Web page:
COVID still exists: When is the queer party no longer the protest?
By: Liz Duck-Chong
I’ve recently been looking through old photographs – observing the past decade fleetingly displayed in quick-posed portraits and blurry dancefloor vignettes.
As I flick through in a vague chronology, I see myself growing and opening up; relationships changing, blossoming and imploding, and moments of intoxicated catharsis in loving crowds.
I was a latecomer to this glittering queer world where many generations have swayed to the same basslines. Upon entering, I was immediately fascinated by the history of these spaces. Maybe there’s an element of placebo, but when entering a queer party, it can feel like passing into a world of fabled revelation and rebellion. There’s an undeniable spiritual energy that passes between our bodies when we move in synchronised chaos.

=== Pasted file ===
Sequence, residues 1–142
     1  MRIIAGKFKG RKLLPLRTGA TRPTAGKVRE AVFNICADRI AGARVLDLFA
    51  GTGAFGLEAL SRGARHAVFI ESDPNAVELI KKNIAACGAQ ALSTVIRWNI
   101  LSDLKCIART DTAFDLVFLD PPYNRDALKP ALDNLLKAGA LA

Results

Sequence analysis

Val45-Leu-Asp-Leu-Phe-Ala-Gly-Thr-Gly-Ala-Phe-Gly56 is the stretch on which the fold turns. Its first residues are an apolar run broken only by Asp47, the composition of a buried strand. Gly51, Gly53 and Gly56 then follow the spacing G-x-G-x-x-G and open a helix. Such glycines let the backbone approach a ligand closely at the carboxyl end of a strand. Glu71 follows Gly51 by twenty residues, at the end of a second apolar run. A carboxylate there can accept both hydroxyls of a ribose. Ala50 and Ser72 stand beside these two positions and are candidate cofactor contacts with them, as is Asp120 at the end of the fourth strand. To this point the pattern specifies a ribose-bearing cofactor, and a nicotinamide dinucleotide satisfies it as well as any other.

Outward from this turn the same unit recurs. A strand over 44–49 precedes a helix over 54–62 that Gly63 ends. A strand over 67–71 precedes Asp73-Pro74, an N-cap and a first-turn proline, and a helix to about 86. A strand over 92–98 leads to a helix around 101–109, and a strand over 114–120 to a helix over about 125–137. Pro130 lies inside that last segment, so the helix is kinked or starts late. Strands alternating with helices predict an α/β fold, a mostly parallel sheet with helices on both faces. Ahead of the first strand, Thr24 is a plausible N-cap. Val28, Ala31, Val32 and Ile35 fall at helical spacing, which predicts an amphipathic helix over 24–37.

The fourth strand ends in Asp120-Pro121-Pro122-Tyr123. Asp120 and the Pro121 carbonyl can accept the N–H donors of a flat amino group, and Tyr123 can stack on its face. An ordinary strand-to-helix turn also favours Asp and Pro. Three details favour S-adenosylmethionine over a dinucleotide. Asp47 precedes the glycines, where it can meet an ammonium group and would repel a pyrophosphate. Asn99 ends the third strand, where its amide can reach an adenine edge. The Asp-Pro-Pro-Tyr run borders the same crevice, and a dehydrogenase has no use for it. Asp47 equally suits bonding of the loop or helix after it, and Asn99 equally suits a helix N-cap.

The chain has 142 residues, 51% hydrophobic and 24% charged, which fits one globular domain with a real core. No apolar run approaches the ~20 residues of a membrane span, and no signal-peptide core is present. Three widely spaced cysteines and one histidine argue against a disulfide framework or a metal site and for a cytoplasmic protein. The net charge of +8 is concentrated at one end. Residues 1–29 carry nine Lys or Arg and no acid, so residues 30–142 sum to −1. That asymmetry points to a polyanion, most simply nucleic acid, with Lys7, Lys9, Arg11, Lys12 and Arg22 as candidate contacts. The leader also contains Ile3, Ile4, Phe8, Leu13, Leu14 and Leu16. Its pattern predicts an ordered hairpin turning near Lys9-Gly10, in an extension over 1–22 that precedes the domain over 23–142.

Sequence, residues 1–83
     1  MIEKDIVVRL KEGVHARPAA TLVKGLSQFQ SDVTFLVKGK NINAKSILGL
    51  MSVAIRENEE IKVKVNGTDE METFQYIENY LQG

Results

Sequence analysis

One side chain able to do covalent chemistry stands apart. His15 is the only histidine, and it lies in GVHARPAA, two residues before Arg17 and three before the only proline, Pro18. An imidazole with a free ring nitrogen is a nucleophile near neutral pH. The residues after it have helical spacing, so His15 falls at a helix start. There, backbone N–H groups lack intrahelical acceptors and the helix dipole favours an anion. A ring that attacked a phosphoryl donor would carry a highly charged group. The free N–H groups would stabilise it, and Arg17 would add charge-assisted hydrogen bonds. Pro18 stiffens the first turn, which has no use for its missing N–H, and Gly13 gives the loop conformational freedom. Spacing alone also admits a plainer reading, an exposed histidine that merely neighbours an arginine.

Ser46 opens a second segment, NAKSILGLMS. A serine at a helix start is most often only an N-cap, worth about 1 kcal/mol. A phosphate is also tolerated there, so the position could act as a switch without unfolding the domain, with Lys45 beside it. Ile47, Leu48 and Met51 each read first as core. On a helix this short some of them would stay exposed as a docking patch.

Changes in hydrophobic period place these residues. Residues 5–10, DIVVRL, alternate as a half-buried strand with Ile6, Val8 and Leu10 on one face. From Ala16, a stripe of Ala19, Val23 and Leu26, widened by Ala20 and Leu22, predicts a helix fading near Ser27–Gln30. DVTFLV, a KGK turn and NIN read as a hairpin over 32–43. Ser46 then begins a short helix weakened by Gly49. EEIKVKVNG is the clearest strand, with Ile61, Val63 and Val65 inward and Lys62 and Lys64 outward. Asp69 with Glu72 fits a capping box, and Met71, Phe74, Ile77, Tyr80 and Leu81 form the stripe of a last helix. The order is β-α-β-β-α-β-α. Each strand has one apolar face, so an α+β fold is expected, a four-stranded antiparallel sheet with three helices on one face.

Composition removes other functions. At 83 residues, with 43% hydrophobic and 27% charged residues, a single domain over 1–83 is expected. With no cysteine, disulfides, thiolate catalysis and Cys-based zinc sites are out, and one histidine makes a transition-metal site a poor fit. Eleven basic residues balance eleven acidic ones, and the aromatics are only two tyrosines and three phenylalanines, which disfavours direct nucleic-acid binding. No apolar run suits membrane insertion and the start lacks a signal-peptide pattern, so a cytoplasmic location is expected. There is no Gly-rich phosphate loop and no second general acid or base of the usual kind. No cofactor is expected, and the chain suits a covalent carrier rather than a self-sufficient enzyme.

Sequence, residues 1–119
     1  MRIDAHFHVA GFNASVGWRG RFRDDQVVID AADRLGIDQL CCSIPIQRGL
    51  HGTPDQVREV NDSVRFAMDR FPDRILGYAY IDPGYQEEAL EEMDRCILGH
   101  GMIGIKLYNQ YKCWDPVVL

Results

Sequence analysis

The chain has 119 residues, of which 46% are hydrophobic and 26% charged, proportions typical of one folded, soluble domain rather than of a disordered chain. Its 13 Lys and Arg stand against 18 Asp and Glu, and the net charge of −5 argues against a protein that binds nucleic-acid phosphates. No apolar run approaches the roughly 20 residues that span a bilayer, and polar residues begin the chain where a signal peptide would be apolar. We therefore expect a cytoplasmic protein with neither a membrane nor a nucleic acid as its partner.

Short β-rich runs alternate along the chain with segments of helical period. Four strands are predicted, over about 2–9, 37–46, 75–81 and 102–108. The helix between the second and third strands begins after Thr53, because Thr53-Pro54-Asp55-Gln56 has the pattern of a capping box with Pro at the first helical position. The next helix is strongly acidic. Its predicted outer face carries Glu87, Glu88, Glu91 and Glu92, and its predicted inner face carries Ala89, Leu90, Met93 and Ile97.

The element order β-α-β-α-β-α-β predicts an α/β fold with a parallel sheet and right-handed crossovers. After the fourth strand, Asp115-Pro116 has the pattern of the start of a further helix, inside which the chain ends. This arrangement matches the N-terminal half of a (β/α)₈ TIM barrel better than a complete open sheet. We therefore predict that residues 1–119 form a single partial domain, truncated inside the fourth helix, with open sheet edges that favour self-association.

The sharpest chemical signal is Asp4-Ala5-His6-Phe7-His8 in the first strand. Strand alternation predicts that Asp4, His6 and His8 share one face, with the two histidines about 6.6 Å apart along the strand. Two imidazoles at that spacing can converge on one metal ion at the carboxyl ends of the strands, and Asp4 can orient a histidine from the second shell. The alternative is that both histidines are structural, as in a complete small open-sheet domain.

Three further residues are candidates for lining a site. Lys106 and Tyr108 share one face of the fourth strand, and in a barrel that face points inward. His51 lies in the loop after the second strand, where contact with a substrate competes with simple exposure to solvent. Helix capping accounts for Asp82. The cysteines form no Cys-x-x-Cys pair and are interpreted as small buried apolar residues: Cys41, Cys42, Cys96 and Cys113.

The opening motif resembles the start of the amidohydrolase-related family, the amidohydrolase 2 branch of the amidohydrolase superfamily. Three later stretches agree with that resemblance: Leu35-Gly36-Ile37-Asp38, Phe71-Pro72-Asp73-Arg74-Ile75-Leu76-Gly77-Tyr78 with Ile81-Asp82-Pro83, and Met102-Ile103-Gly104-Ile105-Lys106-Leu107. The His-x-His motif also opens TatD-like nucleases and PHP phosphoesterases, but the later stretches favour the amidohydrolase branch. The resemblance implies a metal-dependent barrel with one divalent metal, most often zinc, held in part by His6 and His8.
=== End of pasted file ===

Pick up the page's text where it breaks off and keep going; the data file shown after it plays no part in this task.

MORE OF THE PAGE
Image: Sergi Dolcet Escrig
Rather suddenly, these photos I’m looking at shift to another world: one with a more inner-focused lens.
The collection becomes all neighbourhood walks and portraits of friends posed six-to-eight feet away. We’re often masked, a knowing tiredness across our faces. During this time, our shared reflections of smaller lives were plastered across our grids and timelines.
I’ve since watched social media slowly tick over from shared infographics and well-fed sourdough starters back to the regular fare of house parties and public events. My feeds are now increasingly dense with the steam of packed rooms, maskless group bathroom selfies and the impossible-to-capture release of rhythmic physical abandon.
Jealousy tickles at me, but I’m too heartbroken by the dissolution of a social contract I imagined agreed on by us all for the jealousy to take root.
As the pandemic began, we took pride in caring for one another. Where has that pride gone?
It’s no secret that many mainstream parties we see today sprung from protest movements.